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Schools Work to Close Gap in Computer Accessibility
posted by: Ruthie | November 13, 2012, 09:58 PM   

It's no surprise that the internet is rapidly becoming the primary means of communication between teachers and parents. However, community demographic differences often bring varying levels of computer and internet accessibility across the country. Some parents may not be able to afford the internet, while others may not be computer literate.

In order to bridge this disparity and to engage parents, many districts are offering various forms assistance. The HoustonSchool District in Texas recently launched an initiative for digital literacy, targeting low-income parents with no internet access or computers. Donations from Microsoft Corp and $25,000 from the local school endowment allowed the district to create "parent super centers" on five campuses. "Parent super centers" have already provided 2,000 parents with classes and training on internet use and safety, online grade reporting systems, and office software.

Similarly, Computer for Youth (CFY) serves low-income families in New York City, Los Angeles, and in the San Francisco Bay area. This program provides all day training for both parents and children. After learning how to use a computer, the internet, and how to access age-appropriate academic platforms, parents receive a refurbished computer to stay connected with school assignments and teachers.

Elizabeth Stock, CEO and co-founder of CFY said, "For low-income parents who feel they can no longer help their kids with learning as homework starts to become appreciably harder, access to high-quality digital learning content at home and the training to use it keeps these parents in the game. These parents can now easily find help online or learn side by side with their child."

Schools' efforts to involve parents can empower them to feel more involved in their children's education. For example, parent Sadara Jackson McWhorter said that prior to CFY training she did not even know how to turn on a computer. Now she can even teach herself Spanish using online tools.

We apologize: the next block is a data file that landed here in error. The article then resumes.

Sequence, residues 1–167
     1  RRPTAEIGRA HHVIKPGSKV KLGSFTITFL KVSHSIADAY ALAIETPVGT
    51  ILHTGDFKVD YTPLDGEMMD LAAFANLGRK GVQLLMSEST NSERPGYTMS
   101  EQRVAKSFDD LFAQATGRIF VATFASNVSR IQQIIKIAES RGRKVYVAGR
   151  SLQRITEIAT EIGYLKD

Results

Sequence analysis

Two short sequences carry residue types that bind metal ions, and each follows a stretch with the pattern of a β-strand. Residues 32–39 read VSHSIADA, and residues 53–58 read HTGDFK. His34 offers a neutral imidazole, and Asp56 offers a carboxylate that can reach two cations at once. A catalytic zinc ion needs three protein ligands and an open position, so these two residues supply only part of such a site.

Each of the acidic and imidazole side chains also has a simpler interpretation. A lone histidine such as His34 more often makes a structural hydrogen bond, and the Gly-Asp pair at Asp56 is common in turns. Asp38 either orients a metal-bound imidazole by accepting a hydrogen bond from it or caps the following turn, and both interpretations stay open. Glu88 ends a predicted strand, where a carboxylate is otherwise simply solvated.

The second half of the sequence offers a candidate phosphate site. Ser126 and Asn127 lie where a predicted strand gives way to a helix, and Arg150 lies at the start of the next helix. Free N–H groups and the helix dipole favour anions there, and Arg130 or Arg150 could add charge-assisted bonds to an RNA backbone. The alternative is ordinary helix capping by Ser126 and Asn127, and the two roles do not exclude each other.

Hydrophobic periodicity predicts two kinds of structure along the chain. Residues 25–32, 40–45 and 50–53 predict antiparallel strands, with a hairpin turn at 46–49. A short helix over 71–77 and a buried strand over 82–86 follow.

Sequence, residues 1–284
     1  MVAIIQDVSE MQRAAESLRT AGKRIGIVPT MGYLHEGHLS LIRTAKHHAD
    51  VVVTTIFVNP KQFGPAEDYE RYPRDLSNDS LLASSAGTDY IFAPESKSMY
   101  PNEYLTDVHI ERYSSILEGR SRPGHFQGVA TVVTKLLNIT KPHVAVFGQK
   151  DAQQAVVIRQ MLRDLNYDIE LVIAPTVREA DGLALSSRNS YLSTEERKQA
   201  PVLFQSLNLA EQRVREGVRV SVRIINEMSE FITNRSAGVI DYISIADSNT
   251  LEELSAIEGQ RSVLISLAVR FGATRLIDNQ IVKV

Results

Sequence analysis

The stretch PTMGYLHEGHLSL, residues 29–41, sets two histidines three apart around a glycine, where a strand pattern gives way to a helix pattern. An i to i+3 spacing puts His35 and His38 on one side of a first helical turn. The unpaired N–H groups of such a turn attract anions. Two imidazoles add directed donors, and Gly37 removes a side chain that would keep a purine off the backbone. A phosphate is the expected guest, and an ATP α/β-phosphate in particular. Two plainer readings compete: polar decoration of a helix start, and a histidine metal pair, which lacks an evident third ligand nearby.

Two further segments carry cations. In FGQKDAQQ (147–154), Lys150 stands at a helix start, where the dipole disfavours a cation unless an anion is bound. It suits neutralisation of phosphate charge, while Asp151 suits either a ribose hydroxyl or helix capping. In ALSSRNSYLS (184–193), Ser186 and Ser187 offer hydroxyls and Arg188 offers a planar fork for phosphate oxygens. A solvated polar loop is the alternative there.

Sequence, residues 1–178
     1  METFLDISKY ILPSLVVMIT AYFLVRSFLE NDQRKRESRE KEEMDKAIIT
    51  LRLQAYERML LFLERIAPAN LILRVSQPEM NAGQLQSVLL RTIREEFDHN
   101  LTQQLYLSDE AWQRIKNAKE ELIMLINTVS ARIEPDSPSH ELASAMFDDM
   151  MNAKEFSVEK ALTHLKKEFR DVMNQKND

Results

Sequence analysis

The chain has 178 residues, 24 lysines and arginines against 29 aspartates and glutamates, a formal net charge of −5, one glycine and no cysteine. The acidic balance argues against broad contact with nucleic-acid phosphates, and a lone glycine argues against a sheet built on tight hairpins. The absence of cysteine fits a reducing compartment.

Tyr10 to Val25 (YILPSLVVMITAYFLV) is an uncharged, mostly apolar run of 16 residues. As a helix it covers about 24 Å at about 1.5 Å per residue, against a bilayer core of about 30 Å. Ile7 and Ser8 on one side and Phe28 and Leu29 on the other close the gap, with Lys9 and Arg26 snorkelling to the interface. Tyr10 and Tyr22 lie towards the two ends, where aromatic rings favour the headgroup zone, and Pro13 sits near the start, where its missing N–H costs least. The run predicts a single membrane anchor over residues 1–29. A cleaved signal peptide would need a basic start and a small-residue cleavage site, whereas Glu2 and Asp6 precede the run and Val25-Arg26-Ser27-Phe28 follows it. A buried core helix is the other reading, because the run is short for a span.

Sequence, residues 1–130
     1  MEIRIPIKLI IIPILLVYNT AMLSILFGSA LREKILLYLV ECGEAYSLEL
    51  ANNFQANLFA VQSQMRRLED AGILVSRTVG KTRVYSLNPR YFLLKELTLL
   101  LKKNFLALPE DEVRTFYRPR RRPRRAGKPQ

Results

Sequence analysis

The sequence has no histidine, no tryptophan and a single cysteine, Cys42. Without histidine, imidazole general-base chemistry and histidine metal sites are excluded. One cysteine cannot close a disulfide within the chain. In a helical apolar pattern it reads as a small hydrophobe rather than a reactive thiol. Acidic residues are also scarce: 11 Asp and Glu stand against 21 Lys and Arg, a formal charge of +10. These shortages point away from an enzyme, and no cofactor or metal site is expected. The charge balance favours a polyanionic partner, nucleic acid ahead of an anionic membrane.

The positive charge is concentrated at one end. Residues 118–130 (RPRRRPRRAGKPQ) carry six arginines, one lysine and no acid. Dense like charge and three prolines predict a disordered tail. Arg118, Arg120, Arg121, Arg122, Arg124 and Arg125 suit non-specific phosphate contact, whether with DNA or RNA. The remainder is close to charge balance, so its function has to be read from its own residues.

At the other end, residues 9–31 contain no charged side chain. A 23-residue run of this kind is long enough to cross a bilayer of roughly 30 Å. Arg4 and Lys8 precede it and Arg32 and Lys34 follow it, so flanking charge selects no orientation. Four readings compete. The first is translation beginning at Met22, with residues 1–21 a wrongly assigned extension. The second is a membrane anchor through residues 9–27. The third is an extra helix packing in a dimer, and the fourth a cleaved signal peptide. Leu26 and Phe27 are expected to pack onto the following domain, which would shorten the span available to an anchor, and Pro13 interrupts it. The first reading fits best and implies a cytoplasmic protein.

Sean Bulson, superintendent of the 12,000-student Wilson County schools in a rural part of North Carolina took an aggressive approach to improving student's access to technology by giving each student an iPad. However, an application for a federal Race to the Top district grant is necessary for providing the $24 million needed to wire homes with internet.

"It is unethical to provide a robust digital learning program in schools for kids who don't have access to in their bedrooms and family rooms," said Michael Searson, the executive director for the School for Global Education and Innovation at Kean University in Union, N.J. and president of the Society for Information Technology and Teacher Education.

"As schools begin to integrate mobile devices and social media into education, the out-of-school equity issues have to be considered. Education leaders need to understand equity is not only access to devices, but access to the networks that allow people to get information," said Searson.

How does your school use technology to involve parents? How do you use social media in the classroom?
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